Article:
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Patient-centred care: what consumer health organisations say and do

Fiona Sharne Kelly, Adem Sav, Sara McMillan, Michelle A. King, Jennifer A. Whitty, Amanda J. Wheeler


Concepts like patient-centered care and shared decision making are increasingly prominent topics in discourse on quality in healthcare with the growing prevalence of chronic disease. Although patient-centered care has been touted as a way forward, it remains an ambiguous concept with variable application in healthcare. Greater clarity is needed around the concept of patient-centered care alongside a stronger knowledge base on the perspectives of health consumers with complex needs and service providers, including those outside the formal healthcare system, such as consumer health organizations (CHO). This study explored CHO patient-centered policy, related practice, and organizational views on the potential value of pharmacy delivered patient-centered care.  In-depth interviews were conducted with 15 organizational representatives until no new themes emerged. Data were concurrently thematically analyzed by three researchers from a public health or pharmacy background.  Participants called for a paradigm shift away from the paternalistic biomedical model to shared power that values consumer choice and promotes active engagement in health. There was disparity between articulation of policy and practice, with CHOs often more patient-centered than they claimed to be.  Participants described a wealth of innovative and often patient-centered services, and ascribed under-utilization of these resources to limited awareness. Selected CHOs adopted strategies that health professionals can learn from, such as combining multiple elements of patient-centered care and seeking to build consumer capacity to self-manage. Health professional education, current infrastructure and remuneration were cited as barriers to more widespread delivery of patient-centered care. However, participants suggested creative solutions to address selected factors, some specific to pharmacy. Both pharmacy and CHOs are under-utilized healthcare resources and there is potential for synergy between these sectors to promote patient-centered care.  Pharmacy could benefit from insight into the CHO perspective of patient-centered care and also increase utilization of CHO services through direct referral.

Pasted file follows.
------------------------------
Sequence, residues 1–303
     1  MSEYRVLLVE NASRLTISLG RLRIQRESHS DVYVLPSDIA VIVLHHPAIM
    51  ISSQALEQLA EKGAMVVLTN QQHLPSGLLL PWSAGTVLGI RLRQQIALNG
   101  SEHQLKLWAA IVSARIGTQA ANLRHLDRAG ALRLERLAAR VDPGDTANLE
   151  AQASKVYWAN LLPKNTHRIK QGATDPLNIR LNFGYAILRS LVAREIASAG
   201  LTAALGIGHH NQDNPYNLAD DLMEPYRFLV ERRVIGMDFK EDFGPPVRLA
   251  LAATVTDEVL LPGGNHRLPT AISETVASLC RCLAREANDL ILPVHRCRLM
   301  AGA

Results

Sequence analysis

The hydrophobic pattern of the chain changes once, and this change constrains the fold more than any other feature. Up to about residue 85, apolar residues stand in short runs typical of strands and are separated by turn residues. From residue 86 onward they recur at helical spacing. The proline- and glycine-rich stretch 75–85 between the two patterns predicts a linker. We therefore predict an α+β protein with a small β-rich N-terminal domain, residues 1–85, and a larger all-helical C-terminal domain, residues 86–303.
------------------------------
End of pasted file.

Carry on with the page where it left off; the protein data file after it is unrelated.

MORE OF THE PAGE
patient-centred care; chronic illness; community pharmacy; health care service; consumer health organizations; self-management

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